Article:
Angular contact thrust bearings are designed so there is an angle between the races and the balls while the bearing is in operation. An axial load passes in a straight line through the bearing, as opposed to a radial load which takes an oblique path that tends to want to separate the races axially. The angle of contact on the inner race is equal to that on the outer race. Angular contact bearings are typically assembled with a thrust load or preload. The preload creates a contact angle between the inner race, the ball and the outer race, and can be done during the bearing’s manufacturing, or once the bearing is inserted into its application.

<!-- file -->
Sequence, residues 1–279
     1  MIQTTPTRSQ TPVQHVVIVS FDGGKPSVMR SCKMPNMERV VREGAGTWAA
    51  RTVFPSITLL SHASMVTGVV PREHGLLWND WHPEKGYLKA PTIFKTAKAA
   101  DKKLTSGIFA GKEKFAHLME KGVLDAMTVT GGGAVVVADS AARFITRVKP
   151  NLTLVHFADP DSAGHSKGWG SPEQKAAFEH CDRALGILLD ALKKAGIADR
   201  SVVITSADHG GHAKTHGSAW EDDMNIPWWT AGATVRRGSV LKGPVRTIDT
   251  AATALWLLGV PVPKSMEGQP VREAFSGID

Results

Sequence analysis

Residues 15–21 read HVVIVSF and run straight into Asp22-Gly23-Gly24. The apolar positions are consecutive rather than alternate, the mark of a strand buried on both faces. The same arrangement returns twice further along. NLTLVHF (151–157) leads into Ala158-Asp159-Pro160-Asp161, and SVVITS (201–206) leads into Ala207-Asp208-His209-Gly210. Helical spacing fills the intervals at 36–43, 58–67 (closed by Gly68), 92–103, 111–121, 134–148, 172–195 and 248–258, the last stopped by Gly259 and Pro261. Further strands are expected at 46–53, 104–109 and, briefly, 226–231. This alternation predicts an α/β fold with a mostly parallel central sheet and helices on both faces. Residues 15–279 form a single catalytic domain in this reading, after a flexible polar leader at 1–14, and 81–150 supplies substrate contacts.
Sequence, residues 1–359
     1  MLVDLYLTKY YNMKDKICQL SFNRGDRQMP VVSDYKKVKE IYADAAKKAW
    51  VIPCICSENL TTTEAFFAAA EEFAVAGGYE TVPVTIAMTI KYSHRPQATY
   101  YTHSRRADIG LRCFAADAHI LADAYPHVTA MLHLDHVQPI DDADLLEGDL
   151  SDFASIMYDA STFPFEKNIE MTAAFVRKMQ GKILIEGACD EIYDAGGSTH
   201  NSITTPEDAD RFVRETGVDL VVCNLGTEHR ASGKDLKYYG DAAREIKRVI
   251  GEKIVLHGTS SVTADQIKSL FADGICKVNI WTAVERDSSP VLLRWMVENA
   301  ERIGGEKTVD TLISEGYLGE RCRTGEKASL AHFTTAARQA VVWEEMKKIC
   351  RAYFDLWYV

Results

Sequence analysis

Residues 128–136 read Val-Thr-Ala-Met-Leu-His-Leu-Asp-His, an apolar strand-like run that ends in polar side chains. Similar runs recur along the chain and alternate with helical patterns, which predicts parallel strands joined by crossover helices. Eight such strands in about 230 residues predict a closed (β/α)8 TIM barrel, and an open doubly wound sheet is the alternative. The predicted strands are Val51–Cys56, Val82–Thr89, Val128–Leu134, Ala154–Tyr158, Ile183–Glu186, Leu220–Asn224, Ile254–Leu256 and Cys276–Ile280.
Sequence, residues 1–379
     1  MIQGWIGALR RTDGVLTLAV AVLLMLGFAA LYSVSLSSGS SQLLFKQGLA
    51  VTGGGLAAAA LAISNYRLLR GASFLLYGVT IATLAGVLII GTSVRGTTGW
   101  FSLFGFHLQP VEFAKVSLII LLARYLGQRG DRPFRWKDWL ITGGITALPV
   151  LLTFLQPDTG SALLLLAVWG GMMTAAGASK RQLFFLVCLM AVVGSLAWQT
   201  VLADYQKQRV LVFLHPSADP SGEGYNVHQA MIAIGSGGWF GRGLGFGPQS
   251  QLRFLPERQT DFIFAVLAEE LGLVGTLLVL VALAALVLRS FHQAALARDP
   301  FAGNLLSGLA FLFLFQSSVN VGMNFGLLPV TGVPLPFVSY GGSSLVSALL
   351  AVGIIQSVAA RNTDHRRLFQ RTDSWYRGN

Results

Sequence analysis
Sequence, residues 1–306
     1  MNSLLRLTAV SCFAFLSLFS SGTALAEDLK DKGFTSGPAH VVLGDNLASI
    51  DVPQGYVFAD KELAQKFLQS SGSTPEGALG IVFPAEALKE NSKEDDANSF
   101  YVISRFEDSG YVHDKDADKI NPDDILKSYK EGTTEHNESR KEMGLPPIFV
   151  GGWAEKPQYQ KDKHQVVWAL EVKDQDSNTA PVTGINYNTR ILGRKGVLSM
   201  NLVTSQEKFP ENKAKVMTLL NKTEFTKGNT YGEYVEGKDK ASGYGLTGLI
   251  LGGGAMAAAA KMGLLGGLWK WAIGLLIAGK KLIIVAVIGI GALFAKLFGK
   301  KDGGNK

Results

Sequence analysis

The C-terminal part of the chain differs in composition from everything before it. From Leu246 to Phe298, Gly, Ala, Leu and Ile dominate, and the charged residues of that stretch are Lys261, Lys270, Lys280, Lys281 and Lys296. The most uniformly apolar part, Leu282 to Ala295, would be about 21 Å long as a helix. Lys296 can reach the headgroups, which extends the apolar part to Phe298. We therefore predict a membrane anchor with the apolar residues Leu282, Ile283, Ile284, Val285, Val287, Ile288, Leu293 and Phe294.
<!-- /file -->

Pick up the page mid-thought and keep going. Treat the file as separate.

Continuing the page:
The angle of contact for this particular bearing is measured relative to a line running perpendicular to the axis of the bearing. Angular contact bearings are able to endure heavy thrust loads and moderate radial loads. Larger contact angles allow for higher axial load support, but they lower the radial load.
The larger the contact angle (typically in the range of 10 to 45 degrees), the higher the axial load supported, but the lower the radial load. In high-speed situations (including turbines, jet engines, dentistry equipment and more), the centrifugal forces change the contact angle at the inner and outer race.
Thrust ball bearings are produced in a wide variety of designs and sizes, including:
- Single-direction angular contact thrust bearings
- Double-direction angular contact thrust bearings
- Other angular contact thrust bearings